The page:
Dear Bloglovin’, Love Sherina

Dear Bloglovin’,

Let me be frank: I love the idea of your services (a platform to follow blogs from a variety of web hosts), but I don’t use them very often. I do plan to use Bloglovin’ more frequently – becoming more familiar with it has been on my to-do list for quite some time, actually – but for now I’ll settle for having a barely-used account, occasionally glancing at the app on my homescreen, and reading your emails.

I may not use Bloglovin’ very often, but I am passionate about blogging. Since starting sherinaspeaks three years ago, I have been focused on becoming a better writer and writing about a variety of topics. I love writing posts, reading other blogs, and developing my blog brand. The message behind what I write has always been important to me; more so than the amount of followers my blog has. That’s why I was so shocked to read your email the other day.

The first line of the email read: “Do you have less than 10k followers?” I scoffed – I do, and so do virtually all of the other blogs that I follow. The email details your “Get Famous in August” challenge: the top three Bloglovin’ users who gain the most followers this month will be featured on the Bloglovin’ website and blog. (You can read more about the challenge by following this link).

At first, I thought it was an interesting incentive – but something didn’t sit properly with me. When I went on Twitter shortly after, I saw tweets from other bloggers putting my worries into words (all tweets have been used with permission from the tweeters).






I wish I could say I understand why you decided to make gaining followers and “becoming famous” your August challenge, but I just can’t wrap my head around it. In most cases, bloggers are writers, not mathematicians: it is words that matter to us, not numbers. I consider my blog successful by my own terms, because I am able to share my words and try to positively impact others and speak up about things that matter to me. I refuse to measure my success in the blogosphere by how many followers I have.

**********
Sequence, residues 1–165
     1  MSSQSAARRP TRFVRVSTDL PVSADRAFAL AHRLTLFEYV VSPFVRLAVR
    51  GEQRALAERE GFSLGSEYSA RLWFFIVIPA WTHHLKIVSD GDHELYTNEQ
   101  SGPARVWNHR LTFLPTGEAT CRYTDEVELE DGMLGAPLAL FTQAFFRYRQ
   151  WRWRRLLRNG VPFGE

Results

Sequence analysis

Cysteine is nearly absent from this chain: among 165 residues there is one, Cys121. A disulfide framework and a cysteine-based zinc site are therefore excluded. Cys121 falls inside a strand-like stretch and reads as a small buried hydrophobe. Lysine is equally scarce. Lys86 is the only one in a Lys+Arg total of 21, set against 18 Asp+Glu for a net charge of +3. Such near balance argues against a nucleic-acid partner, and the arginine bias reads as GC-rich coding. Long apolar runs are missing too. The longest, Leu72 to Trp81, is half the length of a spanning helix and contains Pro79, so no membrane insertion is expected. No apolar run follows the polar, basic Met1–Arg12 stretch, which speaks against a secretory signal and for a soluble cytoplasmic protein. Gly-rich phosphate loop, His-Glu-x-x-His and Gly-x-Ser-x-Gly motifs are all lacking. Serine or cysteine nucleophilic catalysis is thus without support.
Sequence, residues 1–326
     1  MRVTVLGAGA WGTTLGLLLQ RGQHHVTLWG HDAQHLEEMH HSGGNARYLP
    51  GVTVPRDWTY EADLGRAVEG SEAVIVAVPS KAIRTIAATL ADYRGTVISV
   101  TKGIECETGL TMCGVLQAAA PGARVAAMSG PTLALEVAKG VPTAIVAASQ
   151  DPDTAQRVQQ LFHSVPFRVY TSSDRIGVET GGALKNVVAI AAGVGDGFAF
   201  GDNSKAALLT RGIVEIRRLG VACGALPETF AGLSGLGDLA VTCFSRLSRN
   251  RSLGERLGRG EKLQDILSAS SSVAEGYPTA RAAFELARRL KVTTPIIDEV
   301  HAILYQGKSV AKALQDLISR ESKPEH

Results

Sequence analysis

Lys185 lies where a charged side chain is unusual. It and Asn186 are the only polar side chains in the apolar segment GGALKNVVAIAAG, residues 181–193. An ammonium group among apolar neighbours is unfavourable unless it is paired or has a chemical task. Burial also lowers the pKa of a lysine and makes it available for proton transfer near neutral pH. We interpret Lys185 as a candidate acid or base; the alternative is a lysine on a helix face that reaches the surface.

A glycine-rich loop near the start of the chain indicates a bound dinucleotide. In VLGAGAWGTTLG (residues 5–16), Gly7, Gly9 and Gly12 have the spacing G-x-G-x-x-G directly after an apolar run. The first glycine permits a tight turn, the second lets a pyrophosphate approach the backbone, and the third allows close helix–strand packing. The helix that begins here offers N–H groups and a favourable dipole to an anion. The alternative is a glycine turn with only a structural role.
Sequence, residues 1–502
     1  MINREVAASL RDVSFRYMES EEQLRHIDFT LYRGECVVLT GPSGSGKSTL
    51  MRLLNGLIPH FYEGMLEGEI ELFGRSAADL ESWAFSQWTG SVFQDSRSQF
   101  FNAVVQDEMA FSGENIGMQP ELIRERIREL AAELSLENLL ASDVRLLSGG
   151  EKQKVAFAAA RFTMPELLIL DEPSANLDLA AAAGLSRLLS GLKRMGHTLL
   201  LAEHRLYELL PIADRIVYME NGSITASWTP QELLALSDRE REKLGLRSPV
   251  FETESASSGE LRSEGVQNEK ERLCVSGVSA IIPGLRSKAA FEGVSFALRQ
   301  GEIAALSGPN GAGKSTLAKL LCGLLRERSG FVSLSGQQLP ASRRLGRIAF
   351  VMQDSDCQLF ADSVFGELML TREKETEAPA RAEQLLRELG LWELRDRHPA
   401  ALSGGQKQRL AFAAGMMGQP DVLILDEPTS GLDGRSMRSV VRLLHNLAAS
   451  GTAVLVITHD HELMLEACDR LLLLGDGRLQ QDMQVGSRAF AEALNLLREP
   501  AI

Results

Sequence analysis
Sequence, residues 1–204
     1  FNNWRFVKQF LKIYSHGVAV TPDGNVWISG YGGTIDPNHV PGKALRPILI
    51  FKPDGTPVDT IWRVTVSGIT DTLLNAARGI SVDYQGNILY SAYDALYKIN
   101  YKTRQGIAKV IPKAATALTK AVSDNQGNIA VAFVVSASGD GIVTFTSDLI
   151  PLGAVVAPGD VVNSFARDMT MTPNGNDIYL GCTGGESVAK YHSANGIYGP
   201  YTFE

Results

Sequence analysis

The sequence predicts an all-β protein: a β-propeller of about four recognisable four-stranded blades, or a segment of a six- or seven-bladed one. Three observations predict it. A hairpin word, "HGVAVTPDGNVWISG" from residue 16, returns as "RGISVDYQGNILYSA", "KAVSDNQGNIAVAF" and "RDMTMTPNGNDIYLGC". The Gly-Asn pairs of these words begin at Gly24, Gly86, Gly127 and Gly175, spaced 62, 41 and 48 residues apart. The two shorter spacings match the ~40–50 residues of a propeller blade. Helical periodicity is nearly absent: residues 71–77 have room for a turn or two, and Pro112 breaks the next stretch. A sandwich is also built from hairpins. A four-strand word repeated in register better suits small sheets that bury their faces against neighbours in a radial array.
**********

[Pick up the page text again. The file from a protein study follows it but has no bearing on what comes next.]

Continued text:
Your challenge sends the wrong message to bloggers: it tells us that we should focus on becoming famous and gaining followers, instead of spreading our message and changing the world with our words. Focusing on gaining followers means people are no longer writing for themselves; they’re writing for people to follow them.

You’re asking people to round up followers for the purpose of winning – not for the purpose of making meaningful connections, or creating a community. As a result of this challenge bloggers might end up with a plethora of followers who aren’t truly interested in their posts, having only followed them to help them win.

Not only is this inauthentic, but it creates confusion around the purpose of blogging: is it to write, regardless of how many people are reading, or is it a competition to gain followers? I thought the answer was obvious, until a few days ago when I read your email, Bloglovin’.

I love blogging and I love the blogging community. That’s why I feel so passionately about this issue, because instead of being a challenge with the potential to be a positive force, it seems focused on negativity and inauthenticity. And I don’t think that’s what Bloglovin’ is all about.



PS – I based my title for this post off of Taylor Swift’s open letter to Apple. Her letter resulted in a huge positive change for the music industry. I understand the change that could result from this letter might not seem quite so drastic – but if you think about it, it actually could be.

Bloglovin’ is one of the premier blogging social media sites. If their challenges were focused on creating a positive environment for bloggers to share meaningful and authentic posts and interact with each other (instead of asserting that a high follower count is the most important part of blogging) I think the entire blogging community could really benefit.
PPS – This isn’t only about Bloglovin’ – it is about all bloggers, and the services that we use. It is about making the blogosphere (and the entire Internet) a positive space. If you agree with my message, please share my post or write your own.

29 thoughts on “Dear Bloglovin’, Love Sherina

  1. I agree 100%. Blogging shouldn’t be about the number of followers you have or the number of views you have. I don’t have 10K followers and that has never bothered me. I started blogging because I had thought about doing it for a while and finally decided why not. I’ve been blogging over a year now and I love it. When blogging starts becoming about the number of followers you have I think it takes something away from it. I’m glad to see that other bloggers feel the same way.

  2. Excellent Sherina! I agree wholeheartedly with your letter. I want my blog to be read, not followed.